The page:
The President's Blog

The Pace of Change in Education and at Hill-Murray
Jim Hansen

I have respected the work of Dr. Ted Kolderie for many years. He, and the organizations he led, have been community leaders that took on issues that were critical to the success of a functioning society but where the root cause was often a tangled web of social, economic and political value systems so “deep seated” that addressing them required the thoughtful, engaged work of a cross section of societal leaders.

Dr. Kolderie recently authored an article in the Star Tribune that addressed the almost five-decade old debate on what is needed in schools to accelerate innovative ideation and adoption of those ideas that address the core issue of student engagement that leads to them being prepared to succeed in a rapidly evolving economy.

Dr. Kolderie states and Academic research supports, that the future of education is more personalized, more rigorous, and more flexible. But most importantly, the leadership for student learning must come from teachers.

As a former public school teacher, board member and University Faculty for three decades, I have seen firsthand the political difficulty of moving an educational institution and the faculty at a pace that would allow it to address the changes occurring rapidly in the environment.

The Hill-Murray strategic plan which was developed four years ago, emphasized innovation, rigor, personalization and flexibility, while supporting innovative ideation and encouraging teachers to take on the important responsibility of driving the differentiated, culturally-sensitive learning process for students.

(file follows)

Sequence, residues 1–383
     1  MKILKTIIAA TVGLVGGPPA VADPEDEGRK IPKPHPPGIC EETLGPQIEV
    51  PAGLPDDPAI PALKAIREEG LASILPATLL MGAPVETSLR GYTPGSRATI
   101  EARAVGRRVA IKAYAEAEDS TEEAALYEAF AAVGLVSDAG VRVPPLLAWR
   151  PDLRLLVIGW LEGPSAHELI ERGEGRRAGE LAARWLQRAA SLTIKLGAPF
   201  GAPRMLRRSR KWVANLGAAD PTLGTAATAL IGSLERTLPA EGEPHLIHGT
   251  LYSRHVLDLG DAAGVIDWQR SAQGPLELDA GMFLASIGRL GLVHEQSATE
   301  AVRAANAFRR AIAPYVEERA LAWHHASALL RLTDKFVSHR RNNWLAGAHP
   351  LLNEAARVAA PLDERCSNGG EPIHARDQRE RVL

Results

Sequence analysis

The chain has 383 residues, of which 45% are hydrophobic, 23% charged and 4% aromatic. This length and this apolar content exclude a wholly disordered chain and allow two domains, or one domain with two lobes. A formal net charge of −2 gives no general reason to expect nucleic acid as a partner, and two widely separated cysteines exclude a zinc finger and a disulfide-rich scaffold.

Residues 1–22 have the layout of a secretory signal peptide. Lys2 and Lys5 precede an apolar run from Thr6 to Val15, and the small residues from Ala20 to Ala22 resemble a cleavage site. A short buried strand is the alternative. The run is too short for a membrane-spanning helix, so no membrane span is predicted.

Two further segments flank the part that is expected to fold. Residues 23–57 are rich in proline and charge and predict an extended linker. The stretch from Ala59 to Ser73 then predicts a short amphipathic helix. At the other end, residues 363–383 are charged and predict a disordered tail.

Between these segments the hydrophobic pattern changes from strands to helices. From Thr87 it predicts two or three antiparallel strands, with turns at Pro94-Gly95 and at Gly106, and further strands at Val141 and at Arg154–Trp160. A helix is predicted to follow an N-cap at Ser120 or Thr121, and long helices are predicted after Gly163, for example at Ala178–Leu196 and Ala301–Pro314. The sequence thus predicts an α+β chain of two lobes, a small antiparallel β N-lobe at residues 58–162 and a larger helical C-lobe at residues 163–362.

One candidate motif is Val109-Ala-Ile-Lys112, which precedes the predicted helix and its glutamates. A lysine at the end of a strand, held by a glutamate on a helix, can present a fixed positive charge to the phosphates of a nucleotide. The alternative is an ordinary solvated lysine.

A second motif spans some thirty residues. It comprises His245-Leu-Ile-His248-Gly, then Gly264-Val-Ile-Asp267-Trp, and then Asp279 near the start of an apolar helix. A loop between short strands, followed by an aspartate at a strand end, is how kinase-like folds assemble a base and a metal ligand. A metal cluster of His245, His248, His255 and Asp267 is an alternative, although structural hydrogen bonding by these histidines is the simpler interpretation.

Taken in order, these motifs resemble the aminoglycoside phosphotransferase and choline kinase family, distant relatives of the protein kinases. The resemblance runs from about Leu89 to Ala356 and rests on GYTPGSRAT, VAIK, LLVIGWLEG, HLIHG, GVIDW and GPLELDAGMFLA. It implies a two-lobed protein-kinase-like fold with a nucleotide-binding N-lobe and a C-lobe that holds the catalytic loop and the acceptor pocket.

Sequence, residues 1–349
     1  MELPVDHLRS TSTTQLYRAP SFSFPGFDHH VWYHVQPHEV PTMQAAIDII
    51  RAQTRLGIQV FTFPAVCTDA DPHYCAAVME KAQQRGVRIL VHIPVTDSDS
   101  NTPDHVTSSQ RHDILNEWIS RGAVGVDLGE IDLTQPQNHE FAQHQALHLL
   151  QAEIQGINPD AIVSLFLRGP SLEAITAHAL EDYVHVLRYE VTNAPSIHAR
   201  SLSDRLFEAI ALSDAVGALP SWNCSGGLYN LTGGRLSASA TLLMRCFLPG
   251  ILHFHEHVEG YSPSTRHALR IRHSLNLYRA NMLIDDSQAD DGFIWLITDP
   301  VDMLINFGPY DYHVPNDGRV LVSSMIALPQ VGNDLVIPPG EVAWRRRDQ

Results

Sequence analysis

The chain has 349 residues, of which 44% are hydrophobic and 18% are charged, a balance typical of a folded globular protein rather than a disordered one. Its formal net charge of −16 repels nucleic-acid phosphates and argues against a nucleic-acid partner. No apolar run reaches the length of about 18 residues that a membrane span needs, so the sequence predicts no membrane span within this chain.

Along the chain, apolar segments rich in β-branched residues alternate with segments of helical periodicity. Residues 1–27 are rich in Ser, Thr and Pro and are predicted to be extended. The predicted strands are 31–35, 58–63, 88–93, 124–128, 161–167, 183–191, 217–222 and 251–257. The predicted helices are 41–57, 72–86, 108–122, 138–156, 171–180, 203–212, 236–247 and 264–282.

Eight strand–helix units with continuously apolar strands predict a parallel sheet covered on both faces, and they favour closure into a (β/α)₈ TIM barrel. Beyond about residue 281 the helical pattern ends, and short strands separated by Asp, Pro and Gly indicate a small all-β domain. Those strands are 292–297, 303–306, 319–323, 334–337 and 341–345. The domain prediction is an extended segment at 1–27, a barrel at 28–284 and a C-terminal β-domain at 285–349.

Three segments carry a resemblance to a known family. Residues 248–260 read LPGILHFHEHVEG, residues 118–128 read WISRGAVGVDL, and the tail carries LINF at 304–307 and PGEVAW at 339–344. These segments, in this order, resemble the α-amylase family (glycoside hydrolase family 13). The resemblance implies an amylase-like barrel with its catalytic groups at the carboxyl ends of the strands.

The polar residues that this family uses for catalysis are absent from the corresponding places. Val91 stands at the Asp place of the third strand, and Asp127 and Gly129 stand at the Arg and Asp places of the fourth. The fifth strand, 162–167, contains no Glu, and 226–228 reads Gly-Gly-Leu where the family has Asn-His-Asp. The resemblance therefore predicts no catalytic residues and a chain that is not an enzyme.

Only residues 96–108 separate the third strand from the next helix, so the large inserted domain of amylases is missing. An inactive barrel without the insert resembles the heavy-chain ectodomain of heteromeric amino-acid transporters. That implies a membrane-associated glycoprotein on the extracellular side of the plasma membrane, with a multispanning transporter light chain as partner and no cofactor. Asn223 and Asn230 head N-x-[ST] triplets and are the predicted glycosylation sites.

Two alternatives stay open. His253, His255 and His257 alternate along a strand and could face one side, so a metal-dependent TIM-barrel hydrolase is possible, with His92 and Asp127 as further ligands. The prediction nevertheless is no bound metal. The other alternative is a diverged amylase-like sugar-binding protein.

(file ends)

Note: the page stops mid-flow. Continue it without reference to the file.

Supporting Innovation

In 2016 Hill-Murray formed the Lasallian Grant program in honor of the Christian Brothers who founded Hill High School and whose charism is dedication to teaching. That fund targeted at $2 million at maturity now has raised $1.1 million and is supporting grants for teachers. Some of these grants have been used to start clubs (Aquaponics), develop a Virtual Reality lab, pay for teachers to visit Civil War sites and enhance their curriculum, fund “escape room” experiments, purchase software that reviews spelling and grammar, and many others.

As those ideas are put into practice, the successful ones are adopted organically by peers and then must earn their way into our normal school funding cycle. This is an example of leadership supporting a climate of innovation at the front lines to engage students.



As a school we adopted our composite ACT score as a measure of our preparation of students for college. Our goal was to have our average student in the top 15% of all students who took the test in any given year. As a faculty and leadership team we all agree this alone is an insufficient measurement of rigor. We still celebrate that we have increased our average ACT score for each of the past four years.

We track other measures as well: growth in college credits earned; the amount of college scholarships offered; and are looking for other ways to measure our success at building emotional intelligence and values. This is still an area for us to improve upon so that we can demonstrate that we are actually making a difference.



Our entire faculty has been trained in differentiation as part of their staff development to support the initiation of The Nicholas Center and last year we welcomed Dr. Sharroky Hollie, a national leader on Culturally Responsive Learning. He is working with us throughout the year to integrate his ground-breaking work into the “tool box” of our educators.